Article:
Imperfections (another project)

Imperfections (another project)

Aug 11, 2023

An old friend reached out to me to ask if I believed that I could fix a couple of plaster wall plaques. Of course, I answered in the affirmative, sight unseen. Did I know how to fix them? I didn't even know what they were! I didn't know what kind of plaster or what kind of damage they suffered. Do I possess a distended belief in my abilities to figure stuff out? Yes, indeed I do.

I found a day that I would be in her neighborhood and scheduled a pick-up.

I didn't know what to expect but I can tell you that I did not expect what I was handed. I was instantly reminded of my friend's notoriously eclectic tastes as I was handed these two figural decorative pieces that are each about 24' high, about ten pounds apiece, and composed of horsehair plaster. As she handed them over, I could sense that she was very fond of them and she wanted me to include an evaluation of their value and from which era they come. As I saw them for the first time, I could imagine seeing them in a barber shop or pub/bar when I was about 7 years old. Yes. I knew some bars pretty well when I was a tyke. The servers all thought I was cute and said they wanted to take me home with them. They gave me unlimited cokes and all of the tiny plastic swords loaded with maraschino cherries I could have ever wanted. Little did I know that this satisfying attention from fawning folks would later become insatiable. I digress.

Here is a detailed photograph of the damaged tennis player. The other piece was a slightly less damaged baseball player.

The hand with the racket handle had been saved but there were no other pieces to return to the poor fellow. The hat brim, shirt collar, several other small spots, and a sleeve on the other guy would have to be sculpted and then painted to match.

The sculpting part wasn't terribly daunting. I wasn't going to mess around with plaster, of course. These pieces were originally goopy plaster pressed into a mold with horsehair to fortify it. For this project, plaster would be too loose to hold its shape until it was cured. I immediately knew my old friend PC-7 was going to be my sculpting medium. PC-7 is a two-part (one part to one part) epoxy that is generally used as an adhesive for metals (and virtually any other material). You can pick this stuff up at any old hardware store and it is great to have around. It is shelf stable indefinitely. I would say that the biggest challenge is to scoop out even amounts of each part to mix together, but (really) close counts in this case. One part is white and the other is black which is designed to help you know when it has been thoroughly mixed. You do want this to be very well mixed but you have plenty of working time to accomplish this.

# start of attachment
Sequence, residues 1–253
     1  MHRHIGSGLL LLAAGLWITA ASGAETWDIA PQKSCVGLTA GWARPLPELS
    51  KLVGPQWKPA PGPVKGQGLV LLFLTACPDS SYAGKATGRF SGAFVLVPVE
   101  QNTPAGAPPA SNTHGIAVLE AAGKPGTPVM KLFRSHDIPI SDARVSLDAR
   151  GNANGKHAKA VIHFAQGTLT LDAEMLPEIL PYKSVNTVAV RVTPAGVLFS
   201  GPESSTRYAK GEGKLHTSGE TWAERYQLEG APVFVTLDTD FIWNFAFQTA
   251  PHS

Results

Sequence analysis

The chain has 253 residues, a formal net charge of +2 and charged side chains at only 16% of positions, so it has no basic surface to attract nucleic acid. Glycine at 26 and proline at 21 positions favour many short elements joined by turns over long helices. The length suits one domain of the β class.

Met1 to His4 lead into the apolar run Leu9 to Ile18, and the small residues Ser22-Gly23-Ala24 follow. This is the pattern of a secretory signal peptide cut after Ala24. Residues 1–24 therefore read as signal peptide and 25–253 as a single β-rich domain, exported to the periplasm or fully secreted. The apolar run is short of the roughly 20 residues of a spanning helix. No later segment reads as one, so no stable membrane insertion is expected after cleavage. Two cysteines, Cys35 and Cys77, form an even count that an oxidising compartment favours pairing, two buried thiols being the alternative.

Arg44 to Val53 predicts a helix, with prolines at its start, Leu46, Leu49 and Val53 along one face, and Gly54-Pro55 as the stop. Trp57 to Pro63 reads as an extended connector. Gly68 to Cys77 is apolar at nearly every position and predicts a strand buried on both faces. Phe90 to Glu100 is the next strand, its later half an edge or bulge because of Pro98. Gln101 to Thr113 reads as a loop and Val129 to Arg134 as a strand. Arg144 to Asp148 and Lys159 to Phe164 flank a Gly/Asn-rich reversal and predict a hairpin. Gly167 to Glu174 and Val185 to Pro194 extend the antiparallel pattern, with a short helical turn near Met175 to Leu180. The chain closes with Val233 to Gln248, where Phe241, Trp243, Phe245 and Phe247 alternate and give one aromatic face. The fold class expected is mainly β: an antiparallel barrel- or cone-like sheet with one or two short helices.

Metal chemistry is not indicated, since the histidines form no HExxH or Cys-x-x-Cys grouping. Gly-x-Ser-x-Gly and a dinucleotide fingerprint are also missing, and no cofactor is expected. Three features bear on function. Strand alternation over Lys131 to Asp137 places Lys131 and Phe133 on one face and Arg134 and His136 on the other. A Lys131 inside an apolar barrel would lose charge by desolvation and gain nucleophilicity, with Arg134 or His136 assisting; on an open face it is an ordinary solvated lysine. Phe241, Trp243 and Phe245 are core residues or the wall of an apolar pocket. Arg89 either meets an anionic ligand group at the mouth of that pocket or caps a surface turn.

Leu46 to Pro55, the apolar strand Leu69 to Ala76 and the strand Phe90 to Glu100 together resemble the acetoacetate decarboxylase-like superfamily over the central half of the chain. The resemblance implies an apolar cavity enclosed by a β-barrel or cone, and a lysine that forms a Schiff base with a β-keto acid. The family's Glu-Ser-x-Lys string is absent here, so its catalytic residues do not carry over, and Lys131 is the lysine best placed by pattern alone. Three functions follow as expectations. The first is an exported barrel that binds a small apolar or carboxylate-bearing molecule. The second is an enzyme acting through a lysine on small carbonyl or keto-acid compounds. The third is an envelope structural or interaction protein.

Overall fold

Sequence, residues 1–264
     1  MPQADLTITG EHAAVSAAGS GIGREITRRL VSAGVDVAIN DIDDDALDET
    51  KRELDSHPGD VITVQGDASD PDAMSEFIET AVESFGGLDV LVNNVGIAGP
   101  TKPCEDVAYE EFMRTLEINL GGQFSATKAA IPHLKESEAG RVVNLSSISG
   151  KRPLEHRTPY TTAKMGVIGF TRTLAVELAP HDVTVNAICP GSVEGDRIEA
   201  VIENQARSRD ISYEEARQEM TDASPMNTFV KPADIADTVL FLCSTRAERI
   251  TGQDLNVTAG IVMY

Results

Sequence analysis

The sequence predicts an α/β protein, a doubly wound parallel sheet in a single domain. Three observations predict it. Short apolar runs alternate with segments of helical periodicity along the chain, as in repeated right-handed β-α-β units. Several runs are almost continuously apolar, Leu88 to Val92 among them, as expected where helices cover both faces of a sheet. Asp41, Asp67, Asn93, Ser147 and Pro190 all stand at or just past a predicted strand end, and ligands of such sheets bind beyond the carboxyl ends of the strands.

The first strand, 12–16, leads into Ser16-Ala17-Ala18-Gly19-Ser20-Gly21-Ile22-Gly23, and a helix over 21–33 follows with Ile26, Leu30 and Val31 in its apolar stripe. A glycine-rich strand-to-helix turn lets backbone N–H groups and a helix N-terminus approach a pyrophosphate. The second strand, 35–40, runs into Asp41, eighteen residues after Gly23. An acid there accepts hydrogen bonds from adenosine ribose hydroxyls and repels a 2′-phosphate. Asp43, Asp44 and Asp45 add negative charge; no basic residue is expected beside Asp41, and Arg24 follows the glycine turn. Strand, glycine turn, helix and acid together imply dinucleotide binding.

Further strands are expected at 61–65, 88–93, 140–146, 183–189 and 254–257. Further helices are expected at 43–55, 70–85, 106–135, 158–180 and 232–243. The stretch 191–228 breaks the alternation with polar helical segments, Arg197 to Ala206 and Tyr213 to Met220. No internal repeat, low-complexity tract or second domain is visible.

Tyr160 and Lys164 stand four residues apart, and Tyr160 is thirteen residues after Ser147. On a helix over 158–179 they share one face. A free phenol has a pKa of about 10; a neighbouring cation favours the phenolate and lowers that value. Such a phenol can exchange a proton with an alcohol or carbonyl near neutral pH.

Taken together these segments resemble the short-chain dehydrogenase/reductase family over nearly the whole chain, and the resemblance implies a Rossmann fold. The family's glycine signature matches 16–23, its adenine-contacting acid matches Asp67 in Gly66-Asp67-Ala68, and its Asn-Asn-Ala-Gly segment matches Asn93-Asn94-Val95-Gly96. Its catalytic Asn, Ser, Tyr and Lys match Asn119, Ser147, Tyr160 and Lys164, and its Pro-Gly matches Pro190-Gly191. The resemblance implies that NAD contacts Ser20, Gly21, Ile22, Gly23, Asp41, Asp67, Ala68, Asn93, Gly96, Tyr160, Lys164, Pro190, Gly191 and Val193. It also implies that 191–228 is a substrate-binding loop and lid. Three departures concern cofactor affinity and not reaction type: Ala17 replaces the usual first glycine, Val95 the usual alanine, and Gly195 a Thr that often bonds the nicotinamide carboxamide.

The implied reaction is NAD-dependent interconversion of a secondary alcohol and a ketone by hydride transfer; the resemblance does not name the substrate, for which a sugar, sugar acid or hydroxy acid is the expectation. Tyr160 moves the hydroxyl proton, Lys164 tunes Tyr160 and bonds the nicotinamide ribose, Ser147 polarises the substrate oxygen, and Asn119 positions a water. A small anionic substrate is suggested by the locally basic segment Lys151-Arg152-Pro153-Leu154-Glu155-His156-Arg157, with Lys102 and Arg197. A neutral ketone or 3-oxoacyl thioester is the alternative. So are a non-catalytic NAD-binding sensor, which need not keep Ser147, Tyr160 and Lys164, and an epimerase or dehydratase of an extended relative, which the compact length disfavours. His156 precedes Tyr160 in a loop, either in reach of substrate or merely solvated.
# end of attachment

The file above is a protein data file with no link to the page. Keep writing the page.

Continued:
Seeing how much of the hat brim was missing, I knew it would take a couple of rounds to build it back up. Trying to go all the way in one shot with my medium would have never worked.
I could also tell that I would want some kind of guide so I cut a piece of 12 gage wire and shaped it to give myself some lines to "color inside".

PC-7 round two came a day later and I built up the rest to have enough material in the void of the hat brim to begin filing and sanding back down to a final, sculpted shape. I made sure to add more material than I needed but not so much that it would be tough or time-consuming to file down. I also had to get that wire back off before things were cured because PC-7 is no joke!

One thing I learned years ago and confirmed again with this piece is that PC-7 loses its stickiness about an hour after it has been mixed. With this in mind, I set an alarm for an hour after I loaded up the brim and I was able to sort of pinch-shape things a little more to dial in the shape of the brim and collar. This was great!